Tunisian President Kais Saied is under fire for firing his country's ambassador to the UN over US President Trump's controversial Middle East peace plan. -AFP
Tunisian President Kais Saied's first major foray into international affairs appears to have backfired, with his diplomatic strategy called into question over the dismissal of Tunis' UN envoy. Saied, a 61-year-old constitutional law expert with no previous political experience, swept to victory on October 13 last year.
He draped himself in a Palestinian flag on the night of his election and has refused a "normalization" of ties with the Jewish state, repeating strongly anti-Israel positions.
But in a sudden twist, Tunisia fired UN envoy Moncef Baati last Friday, accusing him of failing to consult the foreign ministry and other Arab countries on a strongly-worded condemnation of Washington's controversial Middle East peace plan.
"The manner in which the dismissal was carried out raises many questions around the diplomatic strategy of the presidency" and whether the move had been thought through, political commentator Youssef Cherif said. Diplomatic sources said Baati had gone further than Saied had wanted in his criticism of US President Donald Trump's plan, unveiled on January 28 and seen as heavily favoring Israel.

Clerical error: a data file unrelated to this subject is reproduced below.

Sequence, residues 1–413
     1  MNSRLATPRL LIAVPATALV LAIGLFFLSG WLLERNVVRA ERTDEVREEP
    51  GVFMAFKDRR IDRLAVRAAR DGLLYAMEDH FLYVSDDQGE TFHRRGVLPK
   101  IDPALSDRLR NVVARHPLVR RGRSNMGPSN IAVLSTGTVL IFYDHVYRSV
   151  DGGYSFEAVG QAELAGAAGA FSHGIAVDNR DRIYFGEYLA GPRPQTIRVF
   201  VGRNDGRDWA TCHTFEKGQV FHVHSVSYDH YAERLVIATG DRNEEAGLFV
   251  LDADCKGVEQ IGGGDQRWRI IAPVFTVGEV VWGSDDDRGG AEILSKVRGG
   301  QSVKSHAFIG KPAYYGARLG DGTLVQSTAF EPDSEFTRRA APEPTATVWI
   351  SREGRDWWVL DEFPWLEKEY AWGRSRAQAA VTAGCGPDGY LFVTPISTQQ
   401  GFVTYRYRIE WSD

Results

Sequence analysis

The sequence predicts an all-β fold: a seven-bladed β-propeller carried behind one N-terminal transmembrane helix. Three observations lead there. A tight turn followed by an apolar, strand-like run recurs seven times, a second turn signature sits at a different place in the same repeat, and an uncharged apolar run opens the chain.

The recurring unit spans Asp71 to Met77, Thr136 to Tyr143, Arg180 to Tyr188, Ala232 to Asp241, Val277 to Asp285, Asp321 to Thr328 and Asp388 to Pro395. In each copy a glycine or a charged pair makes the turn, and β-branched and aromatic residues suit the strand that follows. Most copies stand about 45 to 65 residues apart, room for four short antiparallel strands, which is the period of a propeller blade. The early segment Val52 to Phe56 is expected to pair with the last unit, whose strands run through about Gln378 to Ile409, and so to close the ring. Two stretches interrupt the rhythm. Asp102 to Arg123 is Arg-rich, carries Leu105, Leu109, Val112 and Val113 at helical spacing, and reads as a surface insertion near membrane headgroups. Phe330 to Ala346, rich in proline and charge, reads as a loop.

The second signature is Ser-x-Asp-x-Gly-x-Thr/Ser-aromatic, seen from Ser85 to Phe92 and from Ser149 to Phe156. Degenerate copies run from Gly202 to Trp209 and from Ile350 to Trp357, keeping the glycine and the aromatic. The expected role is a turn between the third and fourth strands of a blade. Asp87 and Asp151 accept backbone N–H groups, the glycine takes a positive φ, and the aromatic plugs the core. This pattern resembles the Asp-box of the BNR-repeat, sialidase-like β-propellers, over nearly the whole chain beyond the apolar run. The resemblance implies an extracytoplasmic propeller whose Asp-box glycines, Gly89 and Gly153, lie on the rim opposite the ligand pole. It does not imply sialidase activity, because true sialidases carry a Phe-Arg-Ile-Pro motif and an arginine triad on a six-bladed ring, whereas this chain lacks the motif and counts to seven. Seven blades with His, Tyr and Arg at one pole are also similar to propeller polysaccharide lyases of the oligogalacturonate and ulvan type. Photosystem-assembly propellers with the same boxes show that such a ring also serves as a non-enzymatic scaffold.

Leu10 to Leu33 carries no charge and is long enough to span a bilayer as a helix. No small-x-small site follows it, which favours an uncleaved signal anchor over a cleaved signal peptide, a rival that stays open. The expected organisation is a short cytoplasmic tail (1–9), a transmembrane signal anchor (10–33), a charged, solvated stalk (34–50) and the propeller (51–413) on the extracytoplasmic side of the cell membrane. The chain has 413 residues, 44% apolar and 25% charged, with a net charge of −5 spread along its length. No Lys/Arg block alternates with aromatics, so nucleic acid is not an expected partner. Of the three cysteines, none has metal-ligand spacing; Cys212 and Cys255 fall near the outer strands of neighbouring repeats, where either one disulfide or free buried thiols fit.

In the week before Baati was fired, Saied had called Trump's proposal the "injustice of the century and high treason" during an interview broadcast on national television. Tunisians took to the streets in protest against the plan in the capital Tunis and the eastern city of Sfax.
The Baati affair has caused concern about Saied's diplomatic acumen and has sent mixed signals about his approach to the Israel-Palestinian conflict, just as Tunisia took up a two-year seat on the UN Security Council in January, where it is the only Arab state represented.
Earlier this week, the Palestinians abandoned their request for a Security Council vote on the Middle East peace plan that they hoped would see the US proposal rejected.
The US had placed "very strong pressure" on other countries on the council, including threats of economic retribution, not to support the Palestinians' request, according to one diplomat, speaking on condition of anonymity.
Media reports also chalked up Baati's removal to US pressure, but the presidency denied it had bowed to any duress, instead accusing the envoy of seeking to "tarnish the image of Tunisia and its president."
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